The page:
Yet another pressure point to activate when you’re doing foot rub to relieve a headache is BL-60. You can find this acupressure point in a depression midway between the tip of the lateral malleolus and the outer edge of the Achilles tendon. The lateral malleolus is the external ankle bone.

When massaging this acupressure point, you have the opportunity to alleviate a headache. But BL-60 has other indications such as managing chronic low back problems, lumbar pain, and heel pain. You can also relive stiff neck and support management of epilepsy.

Acupoint: GB-41 (Other Names: Gallbladder-41/Zu Lin Qi/Foot Governor of Tears)

Since it’s along the gallbladder meridian, this acupressure point is called GB-41 (GB stands for gallbladder). This acupoint is located on the top of the foot between the pinky toe and the second last toe.

To locate and identify this acupressure point, you need to feel along the top of the foot for the bones of the pinky toe and second last. They form the “V” shape where they intersect, so try to feel that. Once you feel the intersection, you should try to look for a slight depression right above when you locate the point, press, and hold for 30 to 60 seconds.

Bear in mind that you might feel pain when applying pressure on this acupoint. Hence the name “foot overlooking tears.”

Activating this pressure point has many benefits, including migraine relief. It helps with vertigo, irregular menstruation, breast pain, foot and leg pain, emotional imbalances, excessive tearing of the eyes, gynecological conditions such as PCOS. Experts recommend using this acupoint and ub64 acupuncture point together to relieve pain in the leg if your job requires long standing hours.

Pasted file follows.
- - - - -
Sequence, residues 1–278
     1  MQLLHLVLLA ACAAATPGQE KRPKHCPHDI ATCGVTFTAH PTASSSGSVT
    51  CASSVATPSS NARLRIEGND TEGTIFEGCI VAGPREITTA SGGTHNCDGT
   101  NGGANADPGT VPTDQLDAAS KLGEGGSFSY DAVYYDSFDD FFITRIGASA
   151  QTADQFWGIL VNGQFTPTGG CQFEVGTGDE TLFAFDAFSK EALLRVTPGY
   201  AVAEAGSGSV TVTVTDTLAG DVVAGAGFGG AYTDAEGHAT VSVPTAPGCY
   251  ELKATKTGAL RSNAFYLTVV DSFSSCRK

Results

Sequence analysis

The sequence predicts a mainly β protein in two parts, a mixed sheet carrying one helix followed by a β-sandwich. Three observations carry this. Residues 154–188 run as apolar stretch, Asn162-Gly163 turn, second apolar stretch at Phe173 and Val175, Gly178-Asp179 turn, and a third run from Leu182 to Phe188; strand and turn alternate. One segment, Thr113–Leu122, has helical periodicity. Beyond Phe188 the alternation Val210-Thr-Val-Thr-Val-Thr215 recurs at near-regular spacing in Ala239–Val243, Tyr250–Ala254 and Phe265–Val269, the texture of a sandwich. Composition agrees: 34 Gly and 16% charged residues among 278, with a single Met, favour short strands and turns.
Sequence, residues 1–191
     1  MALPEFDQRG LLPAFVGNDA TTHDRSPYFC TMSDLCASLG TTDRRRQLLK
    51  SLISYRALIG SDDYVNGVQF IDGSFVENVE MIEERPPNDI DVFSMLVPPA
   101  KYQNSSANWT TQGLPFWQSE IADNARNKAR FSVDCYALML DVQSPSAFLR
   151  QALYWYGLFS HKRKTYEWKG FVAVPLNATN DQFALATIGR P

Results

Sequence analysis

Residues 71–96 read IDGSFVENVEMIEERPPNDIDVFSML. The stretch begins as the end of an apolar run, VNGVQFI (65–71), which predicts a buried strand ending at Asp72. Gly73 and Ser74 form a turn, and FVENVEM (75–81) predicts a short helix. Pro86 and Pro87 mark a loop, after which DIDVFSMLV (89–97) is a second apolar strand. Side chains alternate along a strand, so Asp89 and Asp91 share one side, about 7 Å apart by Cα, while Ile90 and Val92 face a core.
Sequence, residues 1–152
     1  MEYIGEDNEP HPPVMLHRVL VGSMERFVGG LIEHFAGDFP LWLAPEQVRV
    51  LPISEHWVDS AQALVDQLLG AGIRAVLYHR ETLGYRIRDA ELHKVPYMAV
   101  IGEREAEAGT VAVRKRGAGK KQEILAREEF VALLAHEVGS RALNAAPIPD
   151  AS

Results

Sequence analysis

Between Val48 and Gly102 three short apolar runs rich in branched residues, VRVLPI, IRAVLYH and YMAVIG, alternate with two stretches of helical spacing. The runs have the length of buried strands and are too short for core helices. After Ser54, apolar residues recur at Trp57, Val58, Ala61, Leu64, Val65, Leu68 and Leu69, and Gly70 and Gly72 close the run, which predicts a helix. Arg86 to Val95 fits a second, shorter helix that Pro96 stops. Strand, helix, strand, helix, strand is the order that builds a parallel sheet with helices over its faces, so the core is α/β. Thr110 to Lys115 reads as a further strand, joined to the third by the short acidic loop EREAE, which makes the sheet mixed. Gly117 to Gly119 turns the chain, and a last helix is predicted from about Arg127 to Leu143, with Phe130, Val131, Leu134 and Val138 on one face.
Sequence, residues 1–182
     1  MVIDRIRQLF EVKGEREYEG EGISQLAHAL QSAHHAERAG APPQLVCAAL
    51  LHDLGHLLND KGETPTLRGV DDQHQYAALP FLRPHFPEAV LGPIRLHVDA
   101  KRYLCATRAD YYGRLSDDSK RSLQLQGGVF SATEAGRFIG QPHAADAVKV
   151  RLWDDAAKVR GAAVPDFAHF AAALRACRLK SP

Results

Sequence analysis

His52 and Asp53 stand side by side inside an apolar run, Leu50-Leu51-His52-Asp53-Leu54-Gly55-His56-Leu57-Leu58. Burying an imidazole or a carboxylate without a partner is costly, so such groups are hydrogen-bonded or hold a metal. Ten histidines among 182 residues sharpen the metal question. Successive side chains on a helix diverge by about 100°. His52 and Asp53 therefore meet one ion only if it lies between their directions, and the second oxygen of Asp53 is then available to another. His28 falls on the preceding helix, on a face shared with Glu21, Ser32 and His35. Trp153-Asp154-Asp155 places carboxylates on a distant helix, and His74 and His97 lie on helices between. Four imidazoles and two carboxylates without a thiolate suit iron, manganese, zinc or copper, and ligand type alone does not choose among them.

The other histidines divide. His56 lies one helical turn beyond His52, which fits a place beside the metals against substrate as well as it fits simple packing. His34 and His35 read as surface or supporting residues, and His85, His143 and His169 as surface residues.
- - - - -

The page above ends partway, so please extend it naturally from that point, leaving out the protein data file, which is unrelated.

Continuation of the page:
Pressure Points For Back Pain

Back pain is one of the most common and increasing health issues that most of the working people report. Multiple factors can lead to back pain, such as overworking, lack of exercise, sedentary lifestyle, etcetera. We have already discussed that the acupressure, along with the conventional therapies, can provide you with substantial relief with fatigue, stress, and spasms to treat your back pain ailment.

Some of the most important acupressure points for back pain are as followed:

Foot Pressure Point

The pressure point in the foot for back pain is the most effective one, and we have already discussed it. It is located between your second and big toe, which is:

  • Acupoint: Liv-3 (Other Names: Liver-3/Tai Chong/Supreme Rush): With the width of two fingers

Sinus Pressure Points

1. Either Side of Your Nostrils

These are pressure points that are located on either side of the nostril. While applying pressure, press down both sides to drain mucus effectively and relieve pain.

2. Bridge of The Nose

2. Bridge of The Nose

This is the point where your nose connects to the ridge of your eyebrows. Activate this point by gently pressing in and upwards. This helps relieve pain in a more effective manner.